We examine the decision maker’s external environment as a predictor of her judgmental effectiveness in detecting regime changes. Relying on two experimental studies, our main task employed is one of regime-change detection over time. Our first study looks at the effect of different task factors (signal diagnosticity, transition probability, and signal length) on judgmental accuracy, particularly with regards to over- and under-reaction. We find evidence of systematic over- and under-reaction, further supporting what is known as the system-neglect hypothesis (Massey & Wu 2005). We also establish that signal length is a significant component in a regime change detection task and show that increasing amounts of information are related to increasing conservatism. Yet what has not received adequate attention in studies of regime change detection is the effect of the strength or extremeness of evidence. We hypothesize that signals that are highly representative of a change having occurred (a perception we anchor on streaks) are likely to lead to systematic over-reaction. Our second study examines the effect of signal streaks on judgmental effectiveness. We report a significant three-way interaction suggesting that streaks tend to govern over-reaction in regime change detection tasks.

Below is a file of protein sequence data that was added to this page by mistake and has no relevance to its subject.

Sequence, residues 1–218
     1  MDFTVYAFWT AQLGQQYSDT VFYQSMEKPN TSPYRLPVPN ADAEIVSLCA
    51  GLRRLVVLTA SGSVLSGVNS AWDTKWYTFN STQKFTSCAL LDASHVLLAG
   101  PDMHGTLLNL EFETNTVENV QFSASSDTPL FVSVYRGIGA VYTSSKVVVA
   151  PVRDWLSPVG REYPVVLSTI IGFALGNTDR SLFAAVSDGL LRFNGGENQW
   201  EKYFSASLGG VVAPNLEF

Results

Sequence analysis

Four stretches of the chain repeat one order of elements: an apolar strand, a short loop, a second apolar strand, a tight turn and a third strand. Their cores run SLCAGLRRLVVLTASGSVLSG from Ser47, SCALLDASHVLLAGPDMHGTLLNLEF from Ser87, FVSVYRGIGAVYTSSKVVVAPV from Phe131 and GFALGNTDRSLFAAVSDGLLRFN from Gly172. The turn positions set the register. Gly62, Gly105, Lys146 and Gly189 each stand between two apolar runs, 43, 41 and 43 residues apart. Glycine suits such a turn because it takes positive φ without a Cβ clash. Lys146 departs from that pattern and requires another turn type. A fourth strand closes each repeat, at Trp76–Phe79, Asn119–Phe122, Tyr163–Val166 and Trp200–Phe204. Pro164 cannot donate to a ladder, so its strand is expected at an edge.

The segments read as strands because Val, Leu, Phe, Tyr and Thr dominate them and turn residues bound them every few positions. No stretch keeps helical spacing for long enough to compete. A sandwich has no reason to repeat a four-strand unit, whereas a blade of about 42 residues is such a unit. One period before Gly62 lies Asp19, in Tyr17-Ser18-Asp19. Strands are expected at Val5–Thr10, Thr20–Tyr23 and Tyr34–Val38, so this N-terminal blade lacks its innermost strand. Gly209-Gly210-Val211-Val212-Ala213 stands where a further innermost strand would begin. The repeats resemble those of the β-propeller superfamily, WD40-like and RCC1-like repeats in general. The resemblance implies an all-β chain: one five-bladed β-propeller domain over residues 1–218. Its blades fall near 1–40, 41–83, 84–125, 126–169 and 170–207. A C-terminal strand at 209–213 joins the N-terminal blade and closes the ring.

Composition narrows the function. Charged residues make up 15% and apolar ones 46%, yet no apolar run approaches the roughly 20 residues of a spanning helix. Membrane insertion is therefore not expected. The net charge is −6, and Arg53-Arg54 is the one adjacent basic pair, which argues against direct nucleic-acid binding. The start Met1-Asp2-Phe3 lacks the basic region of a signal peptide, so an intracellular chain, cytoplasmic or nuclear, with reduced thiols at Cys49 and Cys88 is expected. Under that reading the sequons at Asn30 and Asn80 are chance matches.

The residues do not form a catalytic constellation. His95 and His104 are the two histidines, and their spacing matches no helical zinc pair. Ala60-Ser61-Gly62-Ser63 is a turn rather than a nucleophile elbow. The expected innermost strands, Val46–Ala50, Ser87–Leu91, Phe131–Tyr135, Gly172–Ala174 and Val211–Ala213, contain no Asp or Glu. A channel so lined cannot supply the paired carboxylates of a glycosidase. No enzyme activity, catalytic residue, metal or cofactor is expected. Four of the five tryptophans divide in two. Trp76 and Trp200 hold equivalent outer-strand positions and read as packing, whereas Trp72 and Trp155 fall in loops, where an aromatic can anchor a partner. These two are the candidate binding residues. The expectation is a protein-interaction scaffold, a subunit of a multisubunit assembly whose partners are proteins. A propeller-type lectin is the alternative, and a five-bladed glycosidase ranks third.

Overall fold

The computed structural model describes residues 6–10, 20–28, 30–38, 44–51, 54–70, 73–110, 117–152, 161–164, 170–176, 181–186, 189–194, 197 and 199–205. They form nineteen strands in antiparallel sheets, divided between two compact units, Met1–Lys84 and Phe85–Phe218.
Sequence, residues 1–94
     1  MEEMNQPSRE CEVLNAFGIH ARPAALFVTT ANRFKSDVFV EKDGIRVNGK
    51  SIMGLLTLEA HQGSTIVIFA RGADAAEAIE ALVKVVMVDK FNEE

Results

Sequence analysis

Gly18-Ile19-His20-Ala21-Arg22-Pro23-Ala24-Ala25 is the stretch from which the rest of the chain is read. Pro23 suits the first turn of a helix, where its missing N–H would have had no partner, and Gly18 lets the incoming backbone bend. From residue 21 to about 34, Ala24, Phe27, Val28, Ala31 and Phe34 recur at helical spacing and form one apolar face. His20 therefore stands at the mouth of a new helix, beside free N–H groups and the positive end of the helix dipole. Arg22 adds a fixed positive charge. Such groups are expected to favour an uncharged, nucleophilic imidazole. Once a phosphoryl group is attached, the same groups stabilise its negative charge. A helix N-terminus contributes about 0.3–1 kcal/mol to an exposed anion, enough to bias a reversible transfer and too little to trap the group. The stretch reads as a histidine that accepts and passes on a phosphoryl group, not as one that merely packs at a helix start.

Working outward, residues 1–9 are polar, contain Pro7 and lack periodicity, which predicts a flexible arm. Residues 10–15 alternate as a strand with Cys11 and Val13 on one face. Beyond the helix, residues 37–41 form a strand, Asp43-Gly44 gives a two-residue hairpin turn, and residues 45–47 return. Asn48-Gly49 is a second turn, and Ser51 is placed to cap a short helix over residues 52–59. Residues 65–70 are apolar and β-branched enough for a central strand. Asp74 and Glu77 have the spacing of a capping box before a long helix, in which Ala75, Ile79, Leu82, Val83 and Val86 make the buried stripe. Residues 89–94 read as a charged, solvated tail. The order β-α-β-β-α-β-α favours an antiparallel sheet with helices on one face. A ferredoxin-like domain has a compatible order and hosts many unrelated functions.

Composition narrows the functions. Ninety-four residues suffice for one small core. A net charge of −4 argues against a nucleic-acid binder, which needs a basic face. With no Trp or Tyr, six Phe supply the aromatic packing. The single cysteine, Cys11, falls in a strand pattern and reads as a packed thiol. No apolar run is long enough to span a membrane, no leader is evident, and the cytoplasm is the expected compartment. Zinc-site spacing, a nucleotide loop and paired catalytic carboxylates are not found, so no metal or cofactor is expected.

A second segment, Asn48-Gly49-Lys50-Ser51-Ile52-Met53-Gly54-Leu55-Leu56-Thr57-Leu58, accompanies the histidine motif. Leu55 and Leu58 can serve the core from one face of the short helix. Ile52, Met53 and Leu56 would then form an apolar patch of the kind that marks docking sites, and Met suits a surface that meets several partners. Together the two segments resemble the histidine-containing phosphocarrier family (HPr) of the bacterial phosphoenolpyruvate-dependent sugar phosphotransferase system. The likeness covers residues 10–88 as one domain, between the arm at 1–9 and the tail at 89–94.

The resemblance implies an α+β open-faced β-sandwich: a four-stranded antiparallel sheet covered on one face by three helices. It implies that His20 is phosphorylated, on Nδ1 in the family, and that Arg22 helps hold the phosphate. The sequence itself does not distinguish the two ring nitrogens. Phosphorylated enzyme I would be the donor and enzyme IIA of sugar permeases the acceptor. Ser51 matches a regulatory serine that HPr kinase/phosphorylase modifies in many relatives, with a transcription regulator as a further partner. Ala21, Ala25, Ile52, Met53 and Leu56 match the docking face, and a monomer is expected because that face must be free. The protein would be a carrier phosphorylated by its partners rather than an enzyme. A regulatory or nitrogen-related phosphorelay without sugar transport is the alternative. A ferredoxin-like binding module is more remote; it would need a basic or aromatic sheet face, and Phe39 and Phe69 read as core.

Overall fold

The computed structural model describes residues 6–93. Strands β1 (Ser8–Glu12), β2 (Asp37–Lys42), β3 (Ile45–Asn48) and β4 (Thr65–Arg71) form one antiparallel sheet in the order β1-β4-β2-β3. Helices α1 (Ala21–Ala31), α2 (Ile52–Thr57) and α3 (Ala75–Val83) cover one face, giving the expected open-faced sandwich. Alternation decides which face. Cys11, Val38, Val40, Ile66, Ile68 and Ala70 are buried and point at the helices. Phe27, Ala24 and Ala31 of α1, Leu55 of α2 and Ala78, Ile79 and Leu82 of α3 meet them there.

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Incae Business School

Federspiel, F, Seifert, M., & Newman, L. (2013). Regime Change Detection – Task Factors as Drivers of Judgmental Effectiveness.